Wednesday, March 03, 2021

Reed interpretations: new uptempo method

All right, I found the way to use Reed at faster jazz tempos. My the way”, anyhow. I've mostly been winging my uptempo jazz comping until now— I never had materials I really liked for working on that.   

We're doing the first practice method everyone learns— playing the book part on the snare drum, along with jazz cymbal and hihat rhythms. To make a complete snare drum/bass drum texture, and to make it easier to execute at fast tempos, we'll use the bass drum to break up any runs of more than two 8th note-rate notes.  

I've written out the possible orchestrations of those multiple-8th runs, along with the first four lines of Syncopation Exercise 2. It looks like a lot of stuff, but with a little practice it's not difficult to do this on the fly.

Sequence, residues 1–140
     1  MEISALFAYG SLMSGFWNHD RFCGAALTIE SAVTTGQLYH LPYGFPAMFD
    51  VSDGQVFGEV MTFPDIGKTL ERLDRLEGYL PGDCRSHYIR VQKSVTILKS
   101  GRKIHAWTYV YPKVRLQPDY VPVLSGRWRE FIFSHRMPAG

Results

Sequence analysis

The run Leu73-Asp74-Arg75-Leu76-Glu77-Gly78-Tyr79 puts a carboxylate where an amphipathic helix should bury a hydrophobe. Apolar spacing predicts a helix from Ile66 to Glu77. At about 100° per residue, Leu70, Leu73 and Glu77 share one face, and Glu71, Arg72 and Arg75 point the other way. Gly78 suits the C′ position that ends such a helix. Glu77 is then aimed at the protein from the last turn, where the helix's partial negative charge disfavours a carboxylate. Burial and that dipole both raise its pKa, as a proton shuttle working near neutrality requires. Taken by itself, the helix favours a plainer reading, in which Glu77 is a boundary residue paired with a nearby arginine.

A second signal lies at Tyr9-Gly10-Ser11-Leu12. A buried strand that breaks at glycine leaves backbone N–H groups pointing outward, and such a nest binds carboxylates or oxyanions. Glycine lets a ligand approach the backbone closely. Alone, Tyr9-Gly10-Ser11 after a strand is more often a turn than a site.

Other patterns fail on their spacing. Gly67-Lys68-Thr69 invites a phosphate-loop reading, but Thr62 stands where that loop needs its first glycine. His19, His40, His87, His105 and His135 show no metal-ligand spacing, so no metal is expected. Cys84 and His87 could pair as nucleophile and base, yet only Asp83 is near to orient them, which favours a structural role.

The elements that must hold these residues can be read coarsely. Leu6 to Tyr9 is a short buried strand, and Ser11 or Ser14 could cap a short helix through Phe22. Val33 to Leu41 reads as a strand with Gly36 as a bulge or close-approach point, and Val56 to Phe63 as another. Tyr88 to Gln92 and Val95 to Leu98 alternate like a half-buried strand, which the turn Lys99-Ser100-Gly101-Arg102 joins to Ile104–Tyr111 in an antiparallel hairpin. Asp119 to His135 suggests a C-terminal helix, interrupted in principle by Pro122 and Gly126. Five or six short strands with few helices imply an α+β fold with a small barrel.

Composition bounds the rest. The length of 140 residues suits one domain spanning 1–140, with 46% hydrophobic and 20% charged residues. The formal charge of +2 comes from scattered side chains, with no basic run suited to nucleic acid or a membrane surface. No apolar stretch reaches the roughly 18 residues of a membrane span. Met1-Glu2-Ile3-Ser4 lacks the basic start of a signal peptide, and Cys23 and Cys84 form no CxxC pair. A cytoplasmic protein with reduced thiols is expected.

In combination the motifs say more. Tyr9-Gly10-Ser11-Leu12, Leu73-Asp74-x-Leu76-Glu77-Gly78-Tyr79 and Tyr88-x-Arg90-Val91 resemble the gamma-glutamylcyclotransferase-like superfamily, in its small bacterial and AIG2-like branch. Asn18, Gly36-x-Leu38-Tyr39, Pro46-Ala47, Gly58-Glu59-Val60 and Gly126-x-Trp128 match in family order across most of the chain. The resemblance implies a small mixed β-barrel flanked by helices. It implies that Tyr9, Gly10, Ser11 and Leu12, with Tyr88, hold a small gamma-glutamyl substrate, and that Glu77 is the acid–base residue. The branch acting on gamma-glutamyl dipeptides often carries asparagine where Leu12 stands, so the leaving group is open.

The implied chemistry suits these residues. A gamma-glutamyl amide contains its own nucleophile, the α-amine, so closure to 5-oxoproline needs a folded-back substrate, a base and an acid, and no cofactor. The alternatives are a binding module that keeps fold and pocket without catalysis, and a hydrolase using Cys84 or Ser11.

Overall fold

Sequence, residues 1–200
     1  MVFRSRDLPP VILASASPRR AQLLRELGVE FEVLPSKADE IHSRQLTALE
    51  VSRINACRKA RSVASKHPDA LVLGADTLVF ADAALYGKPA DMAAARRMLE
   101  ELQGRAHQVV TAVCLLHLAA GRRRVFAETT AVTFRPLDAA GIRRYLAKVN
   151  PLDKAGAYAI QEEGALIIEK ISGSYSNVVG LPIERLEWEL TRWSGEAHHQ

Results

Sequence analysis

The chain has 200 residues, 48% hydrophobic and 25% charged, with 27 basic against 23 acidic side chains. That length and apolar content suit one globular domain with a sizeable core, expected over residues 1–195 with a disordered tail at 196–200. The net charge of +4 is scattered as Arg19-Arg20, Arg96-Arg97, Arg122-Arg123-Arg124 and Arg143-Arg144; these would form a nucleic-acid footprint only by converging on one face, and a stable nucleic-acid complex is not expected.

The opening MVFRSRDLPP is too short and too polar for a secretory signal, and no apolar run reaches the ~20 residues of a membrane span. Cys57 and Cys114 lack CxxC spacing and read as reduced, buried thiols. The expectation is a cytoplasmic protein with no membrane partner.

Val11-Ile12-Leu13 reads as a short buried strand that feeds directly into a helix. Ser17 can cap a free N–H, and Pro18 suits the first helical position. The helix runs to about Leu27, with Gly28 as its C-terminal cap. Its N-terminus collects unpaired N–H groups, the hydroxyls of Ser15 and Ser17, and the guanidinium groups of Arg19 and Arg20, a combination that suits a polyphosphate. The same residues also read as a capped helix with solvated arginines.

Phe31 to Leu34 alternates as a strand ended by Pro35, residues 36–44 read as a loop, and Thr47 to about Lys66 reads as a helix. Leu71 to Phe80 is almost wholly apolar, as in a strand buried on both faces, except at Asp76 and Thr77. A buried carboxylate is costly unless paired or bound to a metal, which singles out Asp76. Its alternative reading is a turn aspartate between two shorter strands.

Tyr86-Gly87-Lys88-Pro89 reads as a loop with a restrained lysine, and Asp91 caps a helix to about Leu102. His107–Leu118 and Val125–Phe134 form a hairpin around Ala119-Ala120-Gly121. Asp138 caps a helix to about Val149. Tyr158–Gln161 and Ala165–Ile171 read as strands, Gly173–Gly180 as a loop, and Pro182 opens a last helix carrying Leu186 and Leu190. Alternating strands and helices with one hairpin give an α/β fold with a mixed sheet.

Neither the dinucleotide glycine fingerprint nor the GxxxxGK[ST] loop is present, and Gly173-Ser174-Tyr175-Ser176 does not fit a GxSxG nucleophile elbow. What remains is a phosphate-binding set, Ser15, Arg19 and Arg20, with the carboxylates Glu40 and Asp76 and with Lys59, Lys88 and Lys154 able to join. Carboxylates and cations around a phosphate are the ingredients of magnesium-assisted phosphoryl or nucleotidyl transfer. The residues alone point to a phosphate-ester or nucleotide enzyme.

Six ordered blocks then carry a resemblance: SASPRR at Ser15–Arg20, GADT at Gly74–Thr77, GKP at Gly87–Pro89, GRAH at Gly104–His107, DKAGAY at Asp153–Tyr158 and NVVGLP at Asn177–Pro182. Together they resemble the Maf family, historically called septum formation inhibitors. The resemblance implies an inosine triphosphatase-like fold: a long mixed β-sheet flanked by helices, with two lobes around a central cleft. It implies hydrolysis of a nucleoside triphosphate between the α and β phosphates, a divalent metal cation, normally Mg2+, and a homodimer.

This gives us a realistic comping texture, with a nice flow of chatter on the snare drum— much of which can be ghosted— and the bass drum is realistically sparse. Those bass drum doubles give us a nice Tony Williams-like thing. It's good to use the alternative orchestrations liberally, to vary the texture.

This will sound good at all tempos— for students good initial goals would be quarter note = 238 (“Elvin's tempo”, so-called by me because of Passion Dance and Chasin' the Trane) and quarter note = 286 / half note = 143 (“Roy Haynes's tempo”, because of Matrix, Have You Met Miss Jones, and half the stuff on Pat Metheny's Question & Answer).  

Exercise 2 is by far the hardest full page exercise for this type of thing, so practice it last. The other seven usual pages are all manageably easy— e.g., Exercise 1 will have less than ten bass drum notes total. 

Get the pdf

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